And the effects of an awe-inspiring experience can linger long after the experience ends. Astronauts have often reported transformational experiences when they looked back at Earth, a phenomenon that has been dubbed “the overview effect.” According to researchers at the University of Pennsylvania, astronauts frequently return to Earth with an increased sense of life purpose and connection to others.

When the 2017 solar eclipse spanned the entire United States and was visible in parts of South America, Africa, Europe and Asia, it wasn’t just a phenomenon of epic proportions. It inspired such wonder and awe — across borders, time zones, cultures and languages — that people couldn’t help but think differently about their relation to one another.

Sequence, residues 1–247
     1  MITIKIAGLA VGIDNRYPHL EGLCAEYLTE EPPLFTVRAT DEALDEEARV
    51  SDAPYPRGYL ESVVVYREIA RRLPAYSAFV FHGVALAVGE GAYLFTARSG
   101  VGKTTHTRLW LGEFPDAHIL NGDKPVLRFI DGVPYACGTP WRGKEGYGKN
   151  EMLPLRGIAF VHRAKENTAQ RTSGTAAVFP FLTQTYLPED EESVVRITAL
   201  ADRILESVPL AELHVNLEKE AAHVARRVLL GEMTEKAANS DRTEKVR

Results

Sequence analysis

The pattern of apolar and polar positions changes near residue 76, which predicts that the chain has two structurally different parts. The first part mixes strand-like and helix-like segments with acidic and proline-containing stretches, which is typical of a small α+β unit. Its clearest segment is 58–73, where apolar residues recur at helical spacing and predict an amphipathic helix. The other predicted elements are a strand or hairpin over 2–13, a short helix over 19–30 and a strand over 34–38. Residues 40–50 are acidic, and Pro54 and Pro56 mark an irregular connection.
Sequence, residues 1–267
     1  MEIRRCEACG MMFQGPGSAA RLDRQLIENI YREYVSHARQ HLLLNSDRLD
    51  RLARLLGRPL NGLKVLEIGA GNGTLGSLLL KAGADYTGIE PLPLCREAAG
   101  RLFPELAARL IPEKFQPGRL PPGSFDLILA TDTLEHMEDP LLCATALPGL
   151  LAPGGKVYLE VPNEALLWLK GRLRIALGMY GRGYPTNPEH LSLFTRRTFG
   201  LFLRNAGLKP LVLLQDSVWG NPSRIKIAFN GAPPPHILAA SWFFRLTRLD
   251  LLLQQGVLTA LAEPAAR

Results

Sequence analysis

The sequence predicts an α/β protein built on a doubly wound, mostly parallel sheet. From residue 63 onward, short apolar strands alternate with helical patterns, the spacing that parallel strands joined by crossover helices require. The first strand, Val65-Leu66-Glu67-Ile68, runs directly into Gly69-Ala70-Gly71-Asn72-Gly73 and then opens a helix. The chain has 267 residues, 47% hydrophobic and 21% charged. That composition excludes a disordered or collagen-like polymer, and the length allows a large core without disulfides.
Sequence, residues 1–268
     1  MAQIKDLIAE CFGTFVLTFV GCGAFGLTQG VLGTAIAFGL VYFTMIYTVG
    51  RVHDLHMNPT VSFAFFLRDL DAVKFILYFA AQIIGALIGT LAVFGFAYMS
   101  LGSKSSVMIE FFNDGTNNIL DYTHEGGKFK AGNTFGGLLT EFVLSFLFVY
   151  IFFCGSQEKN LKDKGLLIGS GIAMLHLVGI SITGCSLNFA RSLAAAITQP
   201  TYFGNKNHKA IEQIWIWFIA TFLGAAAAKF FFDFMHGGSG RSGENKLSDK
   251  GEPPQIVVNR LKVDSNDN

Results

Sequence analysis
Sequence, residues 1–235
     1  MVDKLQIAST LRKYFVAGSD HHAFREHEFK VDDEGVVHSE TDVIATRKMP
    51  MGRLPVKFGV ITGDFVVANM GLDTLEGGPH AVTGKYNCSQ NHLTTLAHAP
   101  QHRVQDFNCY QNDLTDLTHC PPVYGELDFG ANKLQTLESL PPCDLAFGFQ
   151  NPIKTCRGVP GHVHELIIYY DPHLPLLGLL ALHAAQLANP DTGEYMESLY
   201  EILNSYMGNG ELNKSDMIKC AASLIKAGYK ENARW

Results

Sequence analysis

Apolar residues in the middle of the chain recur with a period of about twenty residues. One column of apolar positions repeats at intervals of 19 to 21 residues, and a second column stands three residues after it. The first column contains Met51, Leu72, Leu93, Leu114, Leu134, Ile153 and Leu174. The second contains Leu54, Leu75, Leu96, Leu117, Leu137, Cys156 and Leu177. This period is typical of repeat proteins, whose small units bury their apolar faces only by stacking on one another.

“Experiencing an eclipse changes the way we feel about space and how we are connected,” said Bill Nye, the American scientist and entertainer known as the “Science Guy.” “I hope this moment reminds us all that we share a common origin among the stars, and that we are all citizens of the same planet.”

But they don’t need to be big things to have an effect on us. Sometimes even a small reminder of what matters to us can help shake us out of autopilot mode, even for a moment. Have you ever glanced at a picture of someone you love in the middle of your workday — a wallet-sized photo, or a favorite image saved on your phone — and felt a jolt of joy and optimism? Have you ever found that carrying something physical with you — a piece of jewelry, say, or an article of clothing — can evoke memories of a person or place that matters to you?

As Arianna Huffington writes in Thrive, “Countless things in our daily lives can awaken the almost constant state of wonder we knew as children. But sometimes to see them we must look through a different set of eyes. The triggers are there. But are we present enough to experience them?”